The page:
chapter  13
18 Pages

TheLivesofAnneLine:VowedLaywoman,Recusant Martyr, and Elizabethan Saint

ByRobert E. Scully, S.J.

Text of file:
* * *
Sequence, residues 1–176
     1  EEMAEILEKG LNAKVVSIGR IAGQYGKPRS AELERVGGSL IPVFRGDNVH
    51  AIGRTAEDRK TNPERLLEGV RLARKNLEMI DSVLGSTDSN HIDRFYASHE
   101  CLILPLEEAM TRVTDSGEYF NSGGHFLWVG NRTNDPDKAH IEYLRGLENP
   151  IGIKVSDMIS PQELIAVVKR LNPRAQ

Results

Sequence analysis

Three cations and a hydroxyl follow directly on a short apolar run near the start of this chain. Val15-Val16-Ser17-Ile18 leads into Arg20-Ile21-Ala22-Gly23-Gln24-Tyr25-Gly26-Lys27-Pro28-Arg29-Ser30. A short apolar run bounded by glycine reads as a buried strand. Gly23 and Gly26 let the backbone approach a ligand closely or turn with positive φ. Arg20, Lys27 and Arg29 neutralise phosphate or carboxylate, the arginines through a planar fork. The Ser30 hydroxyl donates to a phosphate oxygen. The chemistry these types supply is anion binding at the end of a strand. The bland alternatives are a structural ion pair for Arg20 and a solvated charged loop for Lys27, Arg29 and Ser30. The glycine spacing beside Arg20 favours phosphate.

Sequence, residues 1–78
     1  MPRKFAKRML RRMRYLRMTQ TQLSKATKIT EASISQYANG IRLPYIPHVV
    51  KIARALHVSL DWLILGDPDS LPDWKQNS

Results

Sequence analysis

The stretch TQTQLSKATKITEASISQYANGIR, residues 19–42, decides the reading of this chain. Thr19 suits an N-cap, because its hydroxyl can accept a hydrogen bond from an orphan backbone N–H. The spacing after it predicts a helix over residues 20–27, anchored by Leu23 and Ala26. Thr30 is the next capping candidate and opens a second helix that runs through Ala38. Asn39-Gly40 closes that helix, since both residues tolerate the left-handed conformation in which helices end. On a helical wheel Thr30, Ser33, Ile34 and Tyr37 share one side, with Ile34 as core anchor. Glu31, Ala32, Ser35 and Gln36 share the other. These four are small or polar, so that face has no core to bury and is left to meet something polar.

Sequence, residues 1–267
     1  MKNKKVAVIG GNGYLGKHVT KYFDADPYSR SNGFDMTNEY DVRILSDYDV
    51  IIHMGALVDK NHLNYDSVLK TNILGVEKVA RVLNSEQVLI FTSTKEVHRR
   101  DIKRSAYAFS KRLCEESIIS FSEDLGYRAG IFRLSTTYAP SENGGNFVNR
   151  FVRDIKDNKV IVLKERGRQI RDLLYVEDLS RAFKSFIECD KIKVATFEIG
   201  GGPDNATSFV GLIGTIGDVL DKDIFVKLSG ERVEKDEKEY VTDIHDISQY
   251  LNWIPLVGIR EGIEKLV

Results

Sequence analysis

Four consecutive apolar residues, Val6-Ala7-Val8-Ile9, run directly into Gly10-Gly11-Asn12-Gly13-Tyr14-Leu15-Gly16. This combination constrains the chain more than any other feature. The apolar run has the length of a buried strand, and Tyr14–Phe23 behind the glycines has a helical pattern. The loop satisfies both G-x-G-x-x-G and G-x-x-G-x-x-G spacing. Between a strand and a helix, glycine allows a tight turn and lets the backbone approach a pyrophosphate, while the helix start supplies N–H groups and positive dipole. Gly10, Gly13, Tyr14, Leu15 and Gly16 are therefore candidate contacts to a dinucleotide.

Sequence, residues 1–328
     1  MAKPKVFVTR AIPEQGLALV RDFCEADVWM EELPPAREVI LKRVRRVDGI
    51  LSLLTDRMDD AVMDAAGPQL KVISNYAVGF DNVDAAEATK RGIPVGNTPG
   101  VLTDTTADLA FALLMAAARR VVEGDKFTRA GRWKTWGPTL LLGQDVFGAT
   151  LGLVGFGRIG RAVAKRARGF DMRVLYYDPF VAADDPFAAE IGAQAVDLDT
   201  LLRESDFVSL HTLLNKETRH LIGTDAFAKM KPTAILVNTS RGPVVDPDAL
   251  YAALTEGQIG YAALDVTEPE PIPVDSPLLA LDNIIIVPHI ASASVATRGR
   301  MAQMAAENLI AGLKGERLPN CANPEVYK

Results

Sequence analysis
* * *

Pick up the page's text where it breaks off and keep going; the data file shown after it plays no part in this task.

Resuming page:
In the late sixteenth century, Elizabethan England was officially Protestant and Catholicism appeared to be in terminal decline. The launching of the Catholic mission of the seminary priests in 1574, however, which was soon supplemented and expanded by the advent of the Jesuit mission in 1580, injected new signs of life into the Catholic body. While the role of the Catholic clergy was probably indispensable in the revival of a committed-if minority and somewhat underground-Catholic community, many laymen and women also played crucial roles in this harrowing and at times heartbreaking endeavor.1 The life and death of one woman in particular, Anne Line, has generally not received the degree of attention that her efforts and long-term impact deserve, although that is beginning to change.2 The goal of this essay is to highlight the ways in which this remarkable woman helped to create a new path for early modern Catholic women-outside of either the marital household or the convent-to live a life of religious devotion that was inextricably linked with active service to God and neighbor.